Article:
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  • Writer's pictureHugh MacMahon

Twice two thousand years ago...



What can we know of the Ireland before 400 (when our Golden Celtic Age began)? I could not resist stopping at Brownshill Portal Tomb just outside Carlow. It had been waiting there for over five thousand years.

Its capstone is 150 tonnes, one of the heaviest in Europe. The two standing stones (gates or ‘portals’) still support it but the stone at the rear had disintegrated. Considering it had once been covered by an earthen mound it was in remarkably good shape.

It immediately poses the question, who built it and why?

The Irish of that era were part of the ‘New Stone Age’. They were not cave dwellers, hitting each other over the head with cudgels, but farmers who planted wheat and barley, raised domestic animals, made pottery, wove cloth, built houses and took care in burying their dead. The population would have been between 100,000 and 200,000.

The stone monuments they built, over 175 of them, took years to raise and not only show their respect for the dead but also symbolise what united them as an extended family-group.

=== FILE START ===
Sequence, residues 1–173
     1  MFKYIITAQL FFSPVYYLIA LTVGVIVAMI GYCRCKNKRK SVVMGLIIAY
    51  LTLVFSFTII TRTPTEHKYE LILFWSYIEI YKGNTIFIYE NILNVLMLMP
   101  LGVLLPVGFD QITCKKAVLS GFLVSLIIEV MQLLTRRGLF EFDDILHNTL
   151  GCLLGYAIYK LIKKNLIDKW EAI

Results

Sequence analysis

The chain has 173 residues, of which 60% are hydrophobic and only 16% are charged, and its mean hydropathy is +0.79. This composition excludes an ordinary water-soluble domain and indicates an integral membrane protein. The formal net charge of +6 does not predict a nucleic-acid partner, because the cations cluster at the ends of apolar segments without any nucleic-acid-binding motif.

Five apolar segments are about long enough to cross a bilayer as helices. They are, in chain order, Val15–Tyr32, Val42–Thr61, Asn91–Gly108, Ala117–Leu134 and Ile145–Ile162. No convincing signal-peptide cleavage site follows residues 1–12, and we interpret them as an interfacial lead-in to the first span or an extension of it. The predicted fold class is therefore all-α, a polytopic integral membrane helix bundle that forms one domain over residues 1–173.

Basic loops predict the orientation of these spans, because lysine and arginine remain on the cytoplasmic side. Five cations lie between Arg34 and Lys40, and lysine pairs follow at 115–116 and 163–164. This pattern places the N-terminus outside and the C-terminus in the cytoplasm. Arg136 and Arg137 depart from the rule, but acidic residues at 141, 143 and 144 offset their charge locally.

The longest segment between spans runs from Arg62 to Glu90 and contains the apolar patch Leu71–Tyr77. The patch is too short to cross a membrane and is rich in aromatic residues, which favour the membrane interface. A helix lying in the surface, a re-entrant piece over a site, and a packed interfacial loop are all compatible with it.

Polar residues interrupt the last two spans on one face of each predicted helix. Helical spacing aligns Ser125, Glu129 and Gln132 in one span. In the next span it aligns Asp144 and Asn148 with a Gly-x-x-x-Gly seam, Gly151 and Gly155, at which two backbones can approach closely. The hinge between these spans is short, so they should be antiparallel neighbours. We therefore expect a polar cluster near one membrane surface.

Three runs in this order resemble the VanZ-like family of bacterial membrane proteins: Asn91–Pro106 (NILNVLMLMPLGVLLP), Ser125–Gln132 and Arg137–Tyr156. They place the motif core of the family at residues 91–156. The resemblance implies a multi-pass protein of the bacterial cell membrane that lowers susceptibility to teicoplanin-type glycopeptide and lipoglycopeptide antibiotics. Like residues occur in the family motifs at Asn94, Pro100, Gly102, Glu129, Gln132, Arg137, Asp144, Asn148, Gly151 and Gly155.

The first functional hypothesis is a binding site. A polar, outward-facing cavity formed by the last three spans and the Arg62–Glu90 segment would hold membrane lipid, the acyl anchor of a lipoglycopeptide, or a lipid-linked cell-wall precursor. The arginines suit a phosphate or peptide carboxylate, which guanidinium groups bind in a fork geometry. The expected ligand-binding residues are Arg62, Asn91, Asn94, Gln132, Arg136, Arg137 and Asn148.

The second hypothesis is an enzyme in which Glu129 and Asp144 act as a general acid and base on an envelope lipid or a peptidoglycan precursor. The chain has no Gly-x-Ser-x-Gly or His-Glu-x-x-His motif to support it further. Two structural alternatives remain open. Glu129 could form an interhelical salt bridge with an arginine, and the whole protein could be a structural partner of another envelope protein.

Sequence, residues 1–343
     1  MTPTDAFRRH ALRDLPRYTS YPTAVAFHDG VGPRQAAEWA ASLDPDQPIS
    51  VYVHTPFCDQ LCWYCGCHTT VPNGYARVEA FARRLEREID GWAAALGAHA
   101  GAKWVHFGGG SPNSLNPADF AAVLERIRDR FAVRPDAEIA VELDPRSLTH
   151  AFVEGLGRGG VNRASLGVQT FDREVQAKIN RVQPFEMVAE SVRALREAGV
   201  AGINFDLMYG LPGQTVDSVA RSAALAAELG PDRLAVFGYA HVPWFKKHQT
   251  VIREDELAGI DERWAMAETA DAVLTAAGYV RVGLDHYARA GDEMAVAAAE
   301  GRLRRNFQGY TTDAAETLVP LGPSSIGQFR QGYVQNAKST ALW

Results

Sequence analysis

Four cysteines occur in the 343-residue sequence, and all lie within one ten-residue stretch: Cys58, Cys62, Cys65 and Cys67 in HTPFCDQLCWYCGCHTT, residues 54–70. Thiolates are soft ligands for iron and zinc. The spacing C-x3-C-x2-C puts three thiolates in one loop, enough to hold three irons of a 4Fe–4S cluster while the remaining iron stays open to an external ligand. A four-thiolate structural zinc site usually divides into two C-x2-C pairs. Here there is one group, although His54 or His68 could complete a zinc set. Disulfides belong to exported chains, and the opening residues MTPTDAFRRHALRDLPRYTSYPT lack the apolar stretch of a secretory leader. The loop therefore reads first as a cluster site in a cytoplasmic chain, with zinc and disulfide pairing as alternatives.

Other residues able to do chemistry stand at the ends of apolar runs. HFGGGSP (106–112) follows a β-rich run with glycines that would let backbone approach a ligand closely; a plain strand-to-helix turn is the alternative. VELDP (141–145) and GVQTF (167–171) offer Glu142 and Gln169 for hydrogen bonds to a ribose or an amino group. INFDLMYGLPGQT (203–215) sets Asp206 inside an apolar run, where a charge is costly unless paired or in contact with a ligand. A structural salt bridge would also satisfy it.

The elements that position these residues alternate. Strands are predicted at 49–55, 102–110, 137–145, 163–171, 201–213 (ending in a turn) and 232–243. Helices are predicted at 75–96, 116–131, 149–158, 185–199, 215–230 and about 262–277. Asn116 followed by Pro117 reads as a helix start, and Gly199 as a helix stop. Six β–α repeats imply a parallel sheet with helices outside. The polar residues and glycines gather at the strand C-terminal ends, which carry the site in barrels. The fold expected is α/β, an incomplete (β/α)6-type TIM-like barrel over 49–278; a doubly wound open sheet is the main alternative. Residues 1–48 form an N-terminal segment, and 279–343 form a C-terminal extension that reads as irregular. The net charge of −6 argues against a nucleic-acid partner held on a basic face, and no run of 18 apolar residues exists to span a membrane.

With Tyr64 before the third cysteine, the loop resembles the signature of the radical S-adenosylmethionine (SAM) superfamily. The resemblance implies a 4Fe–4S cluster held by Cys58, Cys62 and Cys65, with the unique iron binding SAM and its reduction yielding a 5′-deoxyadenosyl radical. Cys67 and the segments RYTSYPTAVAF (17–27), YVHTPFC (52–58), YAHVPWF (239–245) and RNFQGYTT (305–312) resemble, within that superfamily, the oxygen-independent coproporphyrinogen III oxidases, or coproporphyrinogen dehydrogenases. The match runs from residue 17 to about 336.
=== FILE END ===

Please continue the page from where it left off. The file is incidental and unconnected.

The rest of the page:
The Celtic people, with whom we might feel closer, came more than a thousand years later but some of our deepest traditions are from before their time. Today ‘Irish funerals’ show the same wish to honour ‘those who have gone before us‘ while bringing the ‘clan’ together to remind us of our connection.

As I followed the winding track around a broad field of corn to get to the tomb, I had time to appreciate the fertility of the area for which those early settlers wished to show their gratitude and celebrate together.

That was a long time ago but our instincts seem not so different today.

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